The gaseous products of water splitting are favored entropically relative to the reactants, so the thermodynamically required voltage to split water decreases as the temperature is increased. For example, the thermodynamic voltage required to perform the water-splitting reaction is reduced from 1.23 V at 298 K to 0.91 V at 1300 K.1 The kinetic overpotentials for water splitting also decrease (exponentially, per eqn (1)) with increased temperature. Thus, the efficiency of an electrolyzer improves substantially as the temperature increases. Commercial electrolyzers generally operate at temperatures above room temperature, and increased temperatures can be readily obtained by utilizing the heat produced by the ohmic and overpotential-derived voltage losses of the operating electrolysis unit.3,12,13,15


Increased temperatures also generally increase the conductivity of electrolytes. Strongly acidic or strongly alkaline electrolytes are compatible with optimally efficient water splitting because such electrolytes have high ionic conductivity, produce low ohmic resistance losses, and allow for the necessary transfer of protons or hydroxide ions between the compartments of the electrolyzer. Addition of a buffer species and/or salt to a near-neutral pH solution decreases the ohmic resistance losses for neutral electrolytes, but introduces other voltage penalties. The charged buffer or salt species in solution will be transported between the electrodes when current is flowing in the cell. Energy is consumed in driving this electrodialysis of the solution, resulting in reduced system efficiency while also producing a concentration gradient of the buffer or salt species. Gradual development of a concentration gradient in the electrolyte introduces additional voltage losses that increase over time, decreasing efficiency, and potentially leading to the eventual cessation of cell operation.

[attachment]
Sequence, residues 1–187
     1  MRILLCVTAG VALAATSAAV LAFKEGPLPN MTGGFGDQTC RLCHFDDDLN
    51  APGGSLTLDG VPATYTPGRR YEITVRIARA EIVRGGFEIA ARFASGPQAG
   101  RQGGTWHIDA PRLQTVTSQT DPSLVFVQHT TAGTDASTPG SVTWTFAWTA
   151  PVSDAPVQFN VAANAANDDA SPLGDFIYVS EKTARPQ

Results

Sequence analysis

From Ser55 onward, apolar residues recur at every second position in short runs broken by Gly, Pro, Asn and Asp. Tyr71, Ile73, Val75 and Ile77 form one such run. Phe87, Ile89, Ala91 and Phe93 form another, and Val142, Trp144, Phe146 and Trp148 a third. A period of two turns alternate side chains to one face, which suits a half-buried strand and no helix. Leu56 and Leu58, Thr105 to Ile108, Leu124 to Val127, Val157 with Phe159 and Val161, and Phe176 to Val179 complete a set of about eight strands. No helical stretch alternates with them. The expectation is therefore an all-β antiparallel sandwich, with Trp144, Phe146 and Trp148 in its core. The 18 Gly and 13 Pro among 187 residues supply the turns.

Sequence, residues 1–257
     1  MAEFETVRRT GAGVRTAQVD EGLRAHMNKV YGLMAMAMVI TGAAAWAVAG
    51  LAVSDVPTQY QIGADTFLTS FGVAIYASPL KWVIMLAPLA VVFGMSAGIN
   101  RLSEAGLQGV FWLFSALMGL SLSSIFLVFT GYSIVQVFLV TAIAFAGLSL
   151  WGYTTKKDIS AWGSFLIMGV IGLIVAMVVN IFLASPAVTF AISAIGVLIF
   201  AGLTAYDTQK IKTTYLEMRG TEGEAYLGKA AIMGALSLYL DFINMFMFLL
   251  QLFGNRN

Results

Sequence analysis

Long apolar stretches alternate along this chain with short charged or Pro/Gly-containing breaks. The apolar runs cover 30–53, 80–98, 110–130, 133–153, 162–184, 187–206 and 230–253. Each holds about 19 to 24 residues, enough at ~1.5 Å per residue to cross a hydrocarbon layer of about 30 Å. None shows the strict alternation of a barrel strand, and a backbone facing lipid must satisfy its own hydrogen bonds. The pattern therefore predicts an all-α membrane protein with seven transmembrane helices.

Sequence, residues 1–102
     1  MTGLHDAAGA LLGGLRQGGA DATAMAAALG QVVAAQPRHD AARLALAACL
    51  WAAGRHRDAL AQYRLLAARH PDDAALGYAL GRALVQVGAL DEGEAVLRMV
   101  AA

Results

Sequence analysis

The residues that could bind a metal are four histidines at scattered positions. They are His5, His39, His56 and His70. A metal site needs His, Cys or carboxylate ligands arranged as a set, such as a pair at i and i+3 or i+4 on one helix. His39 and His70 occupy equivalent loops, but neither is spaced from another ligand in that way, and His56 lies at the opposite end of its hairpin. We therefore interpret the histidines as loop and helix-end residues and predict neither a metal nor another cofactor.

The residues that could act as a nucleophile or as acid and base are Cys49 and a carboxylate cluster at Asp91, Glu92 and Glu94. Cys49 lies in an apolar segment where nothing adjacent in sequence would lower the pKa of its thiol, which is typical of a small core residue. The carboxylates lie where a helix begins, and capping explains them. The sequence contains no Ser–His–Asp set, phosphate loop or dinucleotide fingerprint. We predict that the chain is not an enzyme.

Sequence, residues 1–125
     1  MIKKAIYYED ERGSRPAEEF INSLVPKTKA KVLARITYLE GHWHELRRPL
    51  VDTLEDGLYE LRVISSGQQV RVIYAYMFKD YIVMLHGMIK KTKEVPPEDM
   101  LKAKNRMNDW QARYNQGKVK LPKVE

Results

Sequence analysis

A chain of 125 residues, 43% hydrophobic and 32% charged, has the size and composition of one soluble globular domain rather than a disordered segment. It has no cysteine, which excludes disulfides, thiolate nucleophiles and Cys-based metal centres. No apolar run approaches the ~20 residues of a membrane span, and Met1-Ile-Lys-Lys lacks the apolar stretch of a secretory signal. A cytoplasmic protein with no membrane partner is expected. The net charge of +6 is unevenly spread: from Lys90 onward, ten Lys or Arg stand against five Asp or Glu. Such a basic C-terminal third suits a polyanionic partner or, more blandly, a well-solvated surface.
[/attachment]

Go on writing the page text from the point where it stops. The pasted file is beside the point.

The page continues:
Water-splitting systems that do not incorporate a robust method for separating the gaseous products of electrolysis are not “intrinsically safe”, a criterion which requires that a flammable, potentially explosive mixture of H2 and O2 is not formed at any point in space or time in the reactor. In the absence of a robust separator, convection or diffusion will transport product molecules from one side of the cell to the other, potentially resulting in an unsafe mixture of gases and decreasing the system efficiency due to product recombination or back-reactions (e.g., reduction of O2 at the cathode). Robust separation of the gaseous products of water-splitting can be accomplished by placing a porous separator or gas-impermeable membrane between the electrodes.

Porous separators